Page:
Webinar replay: Personal Health Information: Hospitals, Health Plans, and Human Resources

Event Date: Thursday, October 13, 2016

Headlines screaming about the mishandling of personal health information have become ubiquitous in the media. Employers handling health records are rightly concerned about their liability for the protection of such data. So where should an anxious employer begin?

This free webinar replay provides employers with an overview of their legal obligations, focusing significantly on health care providers, covered entities, and business associates under HIPAA, as well as the handling of health information from health insurance, medical leave, or disability, and covers GINA, the FMLA, and the ADA.

Replay this webinar to get real answers to questions like:

  • What obligations do organizations have to secure protected health information (PHI) under HIPAA?
  • What can HIPAA-covered entities and business associates expect from OCR audits and compliance investigations?
  • What other laws must employers consider when dealing with health information?

Free Webinar! Personal Health Information: Hospitals, Health Plans, and Human Resources

Headlines screaming about the mishandling of personal health information have become ubiquitous in the media. Employers handling health records are rightly concerned about their liability for the protection of such data. So where should an anxious employer begin?

This webinar will provide employers with an overview of their legal obligations, focusing significantly on health care providers, covered entities, and business associates under HIPAA, as well as the handling of health information from health insurance, medical leave, or disability, and will cover GINA, the FMLA, and the ADA.

Join this webinar to get real answers to questions like:

  • What obligations do organizations have to secure protected health information (PHI) under HIPAA?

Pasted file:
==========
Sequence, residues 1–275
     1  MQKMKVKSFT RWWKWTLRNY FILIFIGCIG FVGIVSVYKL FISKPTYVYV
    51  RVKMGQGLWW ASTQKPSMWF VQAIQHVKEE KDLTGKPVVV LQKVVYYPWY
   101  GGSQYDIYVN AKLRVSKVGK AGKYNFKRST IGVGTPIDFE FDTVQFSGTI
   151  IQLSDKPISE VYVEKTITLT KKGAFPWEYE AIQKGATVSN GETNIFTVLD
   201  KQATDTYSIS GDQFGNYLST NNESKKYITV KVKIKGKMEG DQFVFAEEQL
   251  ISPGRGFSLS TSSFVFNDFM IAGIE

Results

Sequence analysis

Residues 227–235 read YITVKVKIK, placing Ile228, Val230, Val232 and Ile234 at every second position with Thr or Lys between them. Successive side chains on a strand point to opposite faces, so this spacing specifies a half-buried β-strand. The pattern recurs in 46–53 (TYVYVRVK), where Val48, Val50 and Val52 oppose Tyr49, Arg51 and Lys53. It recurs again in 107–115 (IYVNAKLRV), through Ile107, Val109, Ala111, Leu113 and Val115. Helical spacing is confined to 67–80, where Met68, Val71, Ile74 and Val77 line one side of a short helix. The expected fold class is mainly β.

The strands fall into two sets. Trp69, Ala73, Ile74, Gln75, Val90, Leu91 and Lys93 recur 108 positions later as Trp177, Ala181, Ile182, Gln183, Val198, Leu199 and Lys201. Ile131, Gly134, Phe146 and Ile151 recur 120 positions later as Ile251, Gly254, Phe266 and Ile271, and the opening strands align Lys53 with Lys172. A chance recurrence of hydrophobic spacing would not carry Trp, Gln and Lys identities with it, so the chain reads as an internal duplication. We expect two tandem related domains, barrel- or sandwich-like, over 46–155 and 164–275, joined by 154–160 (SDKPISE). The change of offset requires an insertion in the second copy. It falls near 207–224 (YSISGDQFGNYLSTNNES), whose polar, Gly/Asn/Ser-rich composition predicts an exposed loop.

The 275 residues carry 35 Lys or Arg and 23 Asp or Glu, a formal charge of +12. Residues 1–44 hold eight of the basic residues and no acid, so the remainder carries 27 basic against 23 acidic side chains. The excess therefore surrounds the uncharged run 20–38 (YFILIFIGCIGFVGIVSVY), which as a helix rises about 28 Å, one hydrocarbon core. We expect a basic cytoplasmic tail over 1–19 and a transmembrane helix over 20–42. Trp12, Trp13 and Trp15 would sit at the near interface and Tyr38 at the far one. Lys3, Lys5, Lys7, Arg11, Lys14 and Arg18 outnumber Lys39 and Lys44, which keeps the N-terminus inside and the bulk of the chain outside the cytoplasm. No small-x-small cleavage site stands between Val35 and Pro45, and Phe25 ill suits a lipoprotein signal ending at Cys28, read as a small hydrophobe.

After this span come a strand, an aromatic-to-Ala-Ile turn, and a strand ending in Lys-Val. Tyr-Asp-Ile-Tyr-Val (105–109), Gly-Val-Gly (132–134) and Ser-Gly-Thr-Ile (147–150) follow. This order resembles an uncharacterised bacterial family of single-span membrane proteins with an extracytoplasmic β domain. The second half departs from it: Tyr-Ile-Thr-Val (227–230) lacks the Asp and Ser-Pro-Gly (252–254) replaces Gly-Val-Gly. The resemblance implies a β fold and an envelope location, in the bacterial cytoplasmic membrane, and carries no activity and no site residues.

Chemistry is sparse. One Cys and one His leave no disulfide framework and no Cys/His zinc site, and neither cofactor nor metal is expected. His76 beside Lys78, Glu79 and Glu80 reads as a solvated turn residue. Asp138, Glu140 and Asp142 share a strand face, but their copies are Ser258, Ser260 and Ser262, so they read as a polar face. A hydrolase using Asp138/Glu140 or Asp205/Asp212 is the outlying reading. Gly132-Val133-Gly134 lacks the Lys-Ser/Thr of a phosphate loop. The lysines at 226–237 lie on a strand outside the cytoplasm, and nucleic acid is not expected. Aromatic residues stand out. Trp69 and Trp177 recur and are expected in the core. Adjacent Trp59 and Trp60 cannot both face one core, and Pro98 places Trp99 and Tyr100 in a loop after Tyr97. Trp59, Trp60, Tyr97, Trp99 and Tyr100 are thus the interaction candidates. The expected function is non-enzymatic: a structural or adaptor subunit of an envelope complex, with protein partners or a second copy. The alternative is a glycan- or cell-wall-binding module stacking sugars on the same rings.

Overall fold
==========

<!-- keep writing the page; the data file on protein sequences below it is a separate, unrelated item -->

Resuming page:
• What can HIPAA-covered entities and business associates expect from OCR audits and compliance investigations?
  • What other laws must employers consider when dealing with health information?

REGISTER NOW

Thursday, October 13, 2016
2:00-3:00 p.m. EDT
1:00-2:00 p.m. CDT
12:00-1:00 p.m. MDT
11:00-12:00 p.m. PDT

Registration is open to the first 1,000 approved registrants and requires a complete name, title, organization, and valid business email address.

Are employer wellness programs under attack by the EEOC?

Many employers or their group health insurance plans offer wellness programs to promote healthier lifestyles for their employees. These employer wellness programs (EWPs) often involve medical questionnaires, health risk assessments (HRAs), and weight, cholesterol, glucose and blood pressure screenings. Some employer and group health insurance plans offer financial and other types of incentives to participating employees or to those who achieve certain targeted health outcomes.

Until 2014, it seems to have been clear sailing for employers on the EWP front as long as they complied with certain federal nondiscrimination provisions. In 2014, however, the U.S. Equal Employment Opportunity Commission (EEOC) starting filing lawsuits against employers alleging that their EWPs were not voluntary as required by Title I of the Americans with Disabilities Act (ADA). While the courts have uniformly ruled in favor of the employers in these cases, the EEOC, nevertheless, proceeded to propose new regulations under the ADA and Title II of the Genetic Information Nondiscrimination Act (GINA) that imposed new standards and ignored an existing ADA “safe harbor” provision for bona fide employer benefit plans. Despite both Congressional concerns and numerous industry comments asking the EEOC to align its new ADA and GINA final rules with the requirements of the Health Insurance Portability and Accountability Act (HIPAA) (P.L. 104-191) and the HIPAA privacy and security breach notification requirements, with which employers had worked so hard to comply, the final rules made no concessions to these concerns.

This White Paper first examines the federal law applicable to EWPs, the recent court challenges by the EEOC, the new ADA and GINA final rules, and the status of proposed legislation to void the rules. It closes by providing the results of a Q&A session with industry experts and advice on what employers should do to ensure that their EWPs pass muster with the new EEOC rules, both applicable on January 1, 2017.

Read further, “Are employer wellness plans under attack by the EEOC?